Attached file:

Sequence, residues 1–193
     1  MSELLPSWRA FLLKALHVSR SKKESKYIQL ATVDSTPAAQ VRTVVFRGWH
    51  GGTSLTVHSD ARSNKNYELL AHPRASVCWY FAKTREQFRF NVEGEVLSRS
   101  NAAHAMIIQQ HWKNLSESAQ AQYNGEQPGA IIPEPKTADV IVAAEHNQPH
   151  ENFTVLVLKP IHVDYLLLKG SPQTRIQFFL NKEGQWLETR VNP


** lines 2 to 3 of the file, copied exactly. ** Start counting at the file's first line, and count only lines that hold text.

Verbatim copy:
     1  MSELLPSWRA FLLKALHVSR SKKESKYIQL ATVDSTPAAQ VRTVVFRGWH
    51  GGTSLTVHSD ARSNKNYELL AHPRASVCWY FAKTREQFRF NVEGEVLSRS